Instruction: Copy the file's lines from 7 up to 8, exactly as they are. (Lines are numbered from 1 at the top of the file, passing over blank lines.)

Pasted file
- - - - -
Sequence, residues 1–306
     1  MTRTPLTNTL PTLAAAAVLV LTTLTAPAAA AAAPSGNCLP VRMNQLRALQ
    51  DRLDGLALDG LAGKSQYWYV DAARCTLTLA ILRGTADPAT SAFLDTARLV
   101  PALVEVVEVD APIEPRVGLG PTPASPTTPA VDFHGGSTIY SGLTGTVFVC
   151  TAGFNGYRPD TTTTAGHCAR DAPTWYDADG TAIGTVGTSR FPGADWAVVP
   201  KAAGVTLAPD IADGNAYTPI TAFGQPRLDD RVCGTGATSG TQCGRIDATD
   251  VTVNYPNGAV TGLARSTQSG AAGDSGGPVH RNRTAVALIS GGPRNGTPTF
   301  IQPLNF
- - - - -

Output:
   251  VTVNYPNGAV TGLARSTQSG AAGDSGGPVH RNRTAVALIS GGPRNGTPTF
   301  IQPLNF